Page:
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Let the criticism come. I am not Charlie.
Wednesday’s attack on French satirical magazine, ‘Charlie Hebdo,’ has left 12 dead and the world in an uproar of solidarity.
Few, however, have considered this an appropriate time to challenge the publication’s tactics.
Naturally, we all condemn the attacks. Naturally, no one condones violence as a means of protest against politically or religiously offensive images. None of us, myself included, would ever wish to curb the right to free speech.
Nonetheless, some have found it necessary to call into question the judgement displayed by Charlie Hebdo’s publishers.
This is about more than terrorism.
In 2012, in support for a deliberately anti-Islamic American video, the magazine printed a series of sexualized, highly offensive images of the Prophet Muhammed, defying requests by the French government to hold them back. Fearing probable retaliation, then foreign minister Laurent Fabius closed embassies, schools and other centers in 20 countries, saying, “Is it really sensible or intelligent to pour oil on the fire?”
The images, crude by any standard, were doubly offensive since Islamic law forbids any depiction of the Prophet—even if respectful.
At that time, the White House denounced the images, with press secretary Jay Carney saying,
“We don’t question the right of something like this to be published. We just question the judgment behind the decision to publish it.”
Did Stéphane Charbonnier and his staff have a right to publish what they did?
Was it wise?
That’s a more complicated question. Is it wise to endanger the lives of embassy workers and expats (as was done in 2012) simply for the sake of being provocative? Is it wise to bait violence, justified by the fact the violence is not an acceptable response to said baiting? Is it wise to publish offensive content, not because it is challenging or constructive, but because you can?
These are the questions we are not asking in the wake of this tragedy because, frankly, it’s not in very good taste to do so. The violence of Wednesday’s events (and the violence that continues as police pursue the attackers) is inexcusable, absolutely, but I stand with the victims, not the publication itself.
In 2013, Al Jazeera reported on the publishing of a series of cartoons called, “The Life of Muhammed”:
“A senior political advisor to Turkish Prime Minister Recep Tayyip Erdogan denounced the work as a deliberate provocation.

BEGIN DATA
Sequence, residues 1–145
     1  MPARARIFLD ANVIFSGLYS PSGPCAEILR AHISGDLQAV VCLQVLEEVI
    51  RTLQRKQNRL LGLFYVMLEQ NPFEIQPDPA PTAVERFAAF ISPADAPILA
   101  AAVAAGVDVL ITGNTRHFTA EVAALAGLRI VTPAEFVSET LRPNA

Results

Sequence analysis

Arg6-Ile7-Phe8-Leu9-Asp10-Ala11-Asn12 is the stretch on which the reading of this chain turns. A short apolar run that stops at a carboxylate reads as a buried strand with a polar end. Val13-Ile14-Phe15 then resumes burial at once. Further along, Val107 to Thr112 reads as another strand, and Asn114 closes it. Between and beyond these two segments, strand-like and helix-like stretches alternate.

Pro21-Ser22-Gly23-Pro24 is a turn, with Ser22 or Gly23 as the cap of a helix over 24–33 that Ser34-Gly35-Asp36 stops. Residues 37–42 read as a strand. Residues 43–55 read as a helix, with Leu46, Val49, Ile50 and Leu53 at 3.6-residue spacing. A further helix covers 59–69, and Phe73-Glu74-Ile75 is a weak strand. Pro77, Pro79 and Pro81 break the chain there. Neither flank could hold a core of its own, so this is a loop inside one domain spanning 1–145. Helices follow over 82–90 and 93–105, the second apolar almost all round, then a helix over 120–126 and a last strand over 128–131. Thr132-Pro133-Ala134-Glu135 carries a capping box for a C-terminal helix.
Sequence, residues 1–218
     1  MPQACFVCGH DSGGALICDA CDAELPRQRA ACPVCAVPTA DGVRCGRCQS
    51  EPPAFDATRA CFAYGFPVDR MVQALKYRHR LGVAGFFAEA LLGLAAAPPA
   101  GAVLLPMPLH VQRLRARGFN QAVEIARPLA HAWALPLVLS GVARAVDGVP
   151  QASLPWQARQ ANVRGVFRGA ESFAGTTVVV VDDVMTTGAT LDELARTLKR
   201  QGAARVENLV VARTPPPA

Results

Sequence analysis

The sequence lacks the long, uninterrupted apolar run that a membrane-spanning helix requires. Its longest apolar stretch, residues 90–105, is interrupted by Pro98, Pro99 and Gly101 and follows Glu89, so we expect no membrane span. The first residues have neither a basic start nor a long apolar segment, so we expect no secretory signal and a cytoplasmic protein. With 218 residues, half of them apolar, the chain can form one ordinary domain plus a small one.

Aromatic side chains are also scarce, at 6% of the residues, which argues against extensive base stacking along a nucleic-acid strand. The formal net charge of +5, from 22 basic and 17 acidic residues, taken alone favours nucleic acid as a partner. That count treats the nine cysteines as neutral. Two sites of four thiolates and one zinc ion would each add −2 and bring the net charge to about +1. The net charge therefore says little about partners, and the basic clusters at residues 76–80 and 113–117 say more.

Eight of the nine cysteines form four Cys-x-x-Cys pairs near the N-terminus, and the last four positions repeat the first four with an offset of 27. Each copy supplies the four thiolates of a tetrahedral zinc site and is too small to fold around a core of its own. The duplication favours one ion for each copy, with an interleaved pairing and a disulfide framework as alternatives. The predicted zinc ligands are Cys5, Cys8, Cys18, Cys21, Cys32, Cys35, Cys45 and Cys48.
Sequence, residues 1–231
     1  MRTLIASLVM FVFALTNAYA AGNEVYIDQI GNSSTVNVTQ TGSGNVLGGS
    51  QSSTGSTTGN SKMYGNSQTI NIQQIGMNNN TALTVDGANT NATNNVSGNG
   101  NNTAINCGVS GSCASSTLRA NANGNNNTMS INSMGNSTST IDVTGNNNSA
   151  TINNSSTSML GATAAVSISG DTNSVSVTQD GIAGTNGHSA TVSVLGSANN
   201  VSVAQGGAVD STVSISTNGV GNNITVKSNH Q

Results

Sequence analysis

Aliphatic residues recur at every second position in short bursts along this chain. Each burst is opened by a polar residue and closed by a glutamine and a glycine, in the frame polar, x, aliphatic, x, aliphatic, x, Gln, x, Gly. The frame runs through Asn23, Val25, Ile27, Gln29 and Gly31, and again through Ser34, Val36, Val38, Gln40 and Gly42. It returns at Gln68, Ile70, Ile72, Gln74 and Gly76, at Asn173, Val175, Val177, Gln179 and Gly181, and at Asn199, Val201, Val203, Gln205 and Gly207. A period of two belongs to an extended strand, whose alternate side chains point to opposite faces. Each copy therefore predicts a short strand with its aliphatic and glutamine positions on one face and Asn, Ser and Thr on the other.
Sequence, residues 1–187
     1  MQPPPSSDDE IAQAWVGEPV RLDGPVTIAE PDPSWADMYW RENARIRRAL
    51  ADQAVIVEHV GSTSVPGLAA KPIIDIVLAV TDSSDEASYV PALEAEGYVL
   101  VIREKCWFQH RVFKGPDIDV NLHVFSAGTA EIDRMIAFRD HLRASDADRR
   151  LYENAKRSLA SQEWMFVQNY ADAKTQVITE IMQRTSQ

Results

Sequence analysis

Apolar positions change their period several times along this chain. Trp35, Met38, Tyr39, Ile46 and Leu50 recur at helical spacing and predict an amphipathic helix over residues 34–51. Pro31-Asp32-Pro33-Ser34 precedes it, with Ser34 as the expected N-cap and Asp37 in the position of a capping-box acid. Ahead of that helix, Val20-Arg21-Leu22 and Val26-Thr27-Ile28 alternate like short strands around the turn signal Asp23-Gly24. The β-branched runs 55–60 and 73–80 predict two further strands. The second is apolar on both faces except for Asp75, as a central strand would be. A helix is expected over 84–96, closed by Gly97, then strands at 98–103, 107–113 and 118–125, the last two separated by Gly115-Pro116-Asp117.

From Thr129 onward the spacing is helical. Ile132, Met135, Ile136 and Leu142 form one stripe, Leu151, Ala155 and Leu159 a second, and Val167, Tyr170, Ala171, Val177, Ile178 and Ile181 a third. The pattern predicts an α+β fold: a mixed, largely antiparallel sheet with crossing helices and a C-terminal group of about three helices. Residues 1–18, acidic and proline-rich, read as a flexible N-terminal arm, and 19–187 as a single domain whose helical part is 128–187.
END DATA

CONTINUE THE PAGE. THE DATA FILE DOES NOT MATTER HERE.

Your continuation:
” ‘To transform the life of the prophet of Islam into a cartoon is in itself a mistake,’ Ibrahim Kalin wrote on his Twitter account.
” ‘Whatever the people at Charlie Hebdo say, this is a provocation.’ “
I believe wholeheartedly in the right to free speech. And it is a right, not a privilege. But still I question the judgement of taking advantage of that right in such a dangerous way.
There is, furthermore, the issue of hypocrisy, which I would be remiss in bypassing. A recent BBC article discusses the place of Charlie Hebdo in French journalism and the evolving role of satire:
“Back in the 18th Century, the target was the royal family, and the rumour-mongers wrought havoc with tales—often illustrated—of sexual antics and corruption at the court at Versailles.
Nowadays there are new dragons to slay: politicians, the police, bankers and religion. Satire, rather than outright fabrication, is the weapon of choice.”
Was Charlie Hebdo a champion of free speech in the face of all religious, political and cultural tyranny, or was it maybe, just a little bit, a product of the Western hegemony’s crusade against the carefully fabricated dragon of Islam and all it has come to represent?
The magazine did not exclusively target Islam, it is true, but all offensive religious satire was not created equal.
First of all, as previously mentioned it is blasphemous in Islam to depict religious figures in any manner—not so in Christianity (this week’s magazine also included a piece on Jesus).
Second, I have found much of the content published over the years in Charlie Hebdo to be deeply offensive, and I wonder at the degrees to which the global community chooses to become outraged. For example, what would happen if equally offensive images were published, but with anti-Semitic content in lieu of anti-Islamic?
No need to speculate; that is precisely what occurred in 2008 when cartoonist Siné wrote an anti-Semitic comment regarding Sarkoszy’s son’s upcoming marriage. Then editor-in-chief, Philippe Val, fired Siné. French law prohibits Holocaust denial. You go to jail for publishing content that would deeply offend Jewish readers (like me and my family), but we support the same when it concerns Islam. Isn’t that just a little bit hypocritical.
The most recent cartoon depicted militant leader Abu Bakr al-Baghdadi, but we cannot view it as an isolated image, for it emerged in the context of years of satire targeting all of Islam. Challenging fundamentalism I understand. Attacking extremism makes sense. But an entire religion? If it weren’t Islam, would it have ever been allowed to go this far?
What is the difference between selective outrage and discrimination?
Where is the line between bigotry and laïcité (secularism, Fr.)?
When does free speech become hate speech?
Well, from where I sit it looks like it depends on who we’re talking about, and that’s a problem.
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Author: Toby Israel
Editor: Renee Picard
Photos: WBUR, The Wrap, Haaretz,
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